Poll a sampling of hockey fans, Family Feud-style, about the most obnoxious song they're likely to hear at a Chicago Blackhawks home game, and the number one answer is probably going to be "Chelsea Dagger". The track, from one-hit wonder The Fratellis, accompanies every Blackhawks goal, and since we aren't exactly talking about a Dave Tippett team here, you hear it a lot.
But some hockey fans will point to a different, and perhaps more off-putting tune: David Rose's "The Stripper", one of those pieces of instrumental music you've heard time and time again, likely without ever knowing what it was called, like Sweet Georgia Brown, Spanish Flea, or Entry of the Gladiators. The song, which is aptly named, since it's intended to invoke the music to which old-timey burlesque artists strip, has been known to play when an attractive woman is "randomly" selected for the Blackhawks' popular second intermission game of "shoot the puck".
As Mark Lazerus noted, it's embarrassing:
This has been going on for decades, which is amazing when you consider the progress the Blackhawks, and society as a whole, have made in recent years. A lot has changed, such as the acceptability of this practice.
It's given "Shoot the puck", which should be little more than a lark to pass the time between periods, a controversial air.
As noted by Hockee Night, the intermission entertainment has featured the same predictable rotation for pretty much ever: a kid shoots, then a pretty girl in heels suspected by many to be a plant, then a male fan, then a celebrity. There's no music for the male fan and the kid. But the moment the pretty girl hits the ice, Frank Pellico plays "The Stripper" on the organ -- you know, because people want to see her without clothes -- and the audience begins to hoot and/or holler.
Suffice it to say, many hockey fans find this troubling. There are appropriate times to play "The Stripper" (such as when Ravishing Rick Rude is making his way down to the ring for a match), but "shoot the puck" isn't one of them.
It seems downright odd to be plucking a woman fan from the audience (or bringing her in from elsewhere) just to be disrespected and sexualized. It sort of implies that female hockey fans, who pay the same price of admission at the United Center, are second-class citizens there.
Fans are sick of it, and they're beginning to make some noise.
In July, at Blackhawks convention, a fan named Casey set out to ask Blackhawks management about the sexism in "Shoot the Puck" directly:
Gonna go ask some pointed questions about ice girls and shoot the puck girls, if anyone wants to come be my backup. Wheeeee.— Casey (@Raedances) July 19, 2014
And she did. The scene, as described by Hockey Brunch:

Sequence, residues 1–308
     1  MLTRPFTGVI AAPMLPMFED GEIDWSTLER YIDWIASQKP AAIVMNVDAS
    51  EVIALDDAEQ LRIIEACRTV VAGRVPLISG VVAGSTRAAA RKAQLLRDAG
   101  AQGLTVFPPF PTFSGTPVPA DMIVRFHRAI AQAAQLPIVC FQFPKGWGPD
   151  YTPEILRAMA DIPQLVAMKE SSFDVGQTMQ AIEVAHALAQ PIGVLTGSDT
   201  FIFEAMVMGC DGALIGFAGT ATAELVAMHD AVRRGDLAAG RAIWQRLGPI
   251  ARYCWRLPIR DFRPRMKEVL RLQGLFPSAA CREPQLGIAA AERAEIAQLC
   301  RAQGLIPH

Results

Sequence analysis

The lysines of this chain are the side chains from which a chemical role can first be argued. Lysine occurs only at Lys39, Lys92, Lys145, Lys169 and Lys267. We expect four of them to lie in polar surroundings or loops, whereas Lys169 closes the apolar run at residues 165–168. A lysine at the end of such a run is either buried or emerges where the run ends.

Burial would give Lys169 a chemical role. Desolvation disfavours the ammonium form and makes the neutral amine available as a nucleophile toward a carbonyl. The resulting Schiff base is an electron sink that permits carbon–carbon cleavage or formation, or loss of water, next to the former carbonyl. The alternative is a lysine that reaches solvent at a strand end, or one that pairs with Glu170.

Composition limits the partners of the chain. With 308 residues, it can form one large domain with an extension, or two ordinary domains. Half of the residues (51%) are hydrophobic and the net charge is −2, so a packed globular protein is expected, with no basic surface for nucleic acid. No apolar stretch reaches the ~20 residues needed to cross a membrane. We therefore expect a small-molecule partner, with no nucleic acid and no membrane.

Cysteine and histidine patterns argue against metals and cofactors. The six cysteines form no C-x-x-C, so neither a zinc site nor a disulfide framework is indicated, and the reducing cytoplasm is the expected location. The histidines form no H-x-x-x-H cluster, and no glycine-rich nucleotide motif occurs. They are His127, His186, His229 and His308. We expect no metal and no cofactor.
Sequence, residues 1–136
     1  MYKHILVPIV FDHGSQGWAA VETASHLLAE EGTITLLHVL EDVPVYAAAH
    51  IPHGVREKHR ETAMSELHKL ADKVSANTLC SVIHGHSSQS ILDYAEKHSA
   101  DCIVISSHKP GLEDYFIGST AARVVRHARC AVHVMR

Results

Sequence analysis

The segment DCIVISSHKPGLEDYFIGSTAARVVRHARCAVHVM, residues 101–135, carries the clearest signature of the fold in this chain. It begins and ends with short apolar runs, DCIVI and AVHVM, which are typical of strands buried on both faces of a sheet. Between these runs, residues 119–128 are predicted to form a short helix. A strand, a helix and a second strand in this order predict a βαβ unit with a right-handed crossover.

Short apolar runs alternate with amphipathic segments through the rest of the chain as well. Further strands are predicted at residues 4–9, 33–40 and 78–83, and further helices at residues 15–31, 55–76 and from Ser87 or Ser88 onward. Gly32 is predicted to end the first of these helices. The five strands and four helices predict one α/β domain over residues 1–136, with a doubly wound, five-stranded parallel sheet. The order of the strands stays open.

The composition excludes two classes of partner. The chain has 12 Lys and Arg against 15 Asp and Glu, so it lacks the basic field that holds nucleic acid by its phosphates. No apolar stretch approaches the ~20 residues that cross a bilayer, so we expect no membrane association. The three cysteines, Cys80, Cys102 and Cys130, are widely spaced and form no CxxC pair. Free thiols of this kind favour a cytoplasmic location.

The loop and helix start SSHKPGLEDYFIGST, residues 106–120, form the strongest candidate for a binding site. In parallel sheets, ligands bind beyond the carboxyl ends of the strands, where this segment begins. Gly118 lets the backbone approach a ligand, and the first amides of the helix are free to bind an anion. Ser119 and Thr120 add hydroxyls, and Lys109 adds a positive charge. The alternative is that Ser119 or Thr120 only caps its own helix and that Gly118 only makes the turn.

By all accounts, management got a little ruffled by this. Everyone on the dais took a nervous swig of water, the sort that says "Hoo-boy, we've got no good answer to this one," before providing a solid non-answer, that the concern was appreciated and they would be careful about their practices going forward. In the context of the softball-lobbing the Blackhawks Convention's Q-and-A sessions are supposed to be, the fleeting moment of discomfort could, and should, be viewed as a major win. Maybe things will be different between the whistles for the 2014-15 season, though they probably won't, because getting rid of things like this always takes longer than it probably should. But the question is out now in a fairly public forum, and it appears to be gaining traction.
It is. Inspired by this, on August 7, #banthestripper began trending on Twitter in the Chicago area, and just recently, the 3 Hawks Goals petition sprang up. Their mission:
We want the Hawks to lead the NHL in providing a fan-friendly environment for ALL fans, including women and kids. We have three simple goals for them:
1) Fix Shoot the Puck. Make the contestant choices truly random, and stop playing the song “The Stripper” when a woman shoots.
2) Give the whole ice crew (men and women) the same outfit, namely pants and a jacket.
3) Have 1-2 women moderators at the 2015 Blackhawks convention.
Women moderators. Imagine that!
The need for a few women to balance out the panels came up more than once during this year's Blackhawks convention. It wasn't just the awkward moment when management was asked about "The Stripper" -- there was also the player panel featuring Patrick Kane, Jonathan Toews and Brad Richards, and moderated by Mark Giangreco. As Kate Conway of Redeye Chicago notes, he upset a good portion of the audience when he drew a parallel between Jonathan Toews' Selke trophy and his girlfriend:
Giangreco, ABC7's sports anchor, seemed determined to make everyone involved feel as slimy as possible. When it came to discussing the NHL awards, for example, he didn't, say, discuss Toews' Selke nomination. Instead, he gave him kudos for the hotness of his girlfriend, comparing her to a trophy -- because nothing brings the LOLs like the literal objectification of women, am I right?
Thankfully, none of the players seemed inclined to play along with Giangreco's brand of douchery. And the audience wasn't too pleased, either. In the hours that followed, many fans took to Twitter or filled out surveys informing management that their star panel had nearly been ruined.
The Blackhawks organization has rebounded majorly in the Jonathan Toews/Patrick Kane era. But for many fans, they're still in the stone age when it comes to women. At Blackhawks Convention, they were pressed to "recognize the growing number of female fans". It might be time to start listening to them.
They could start by banning "The Stripper".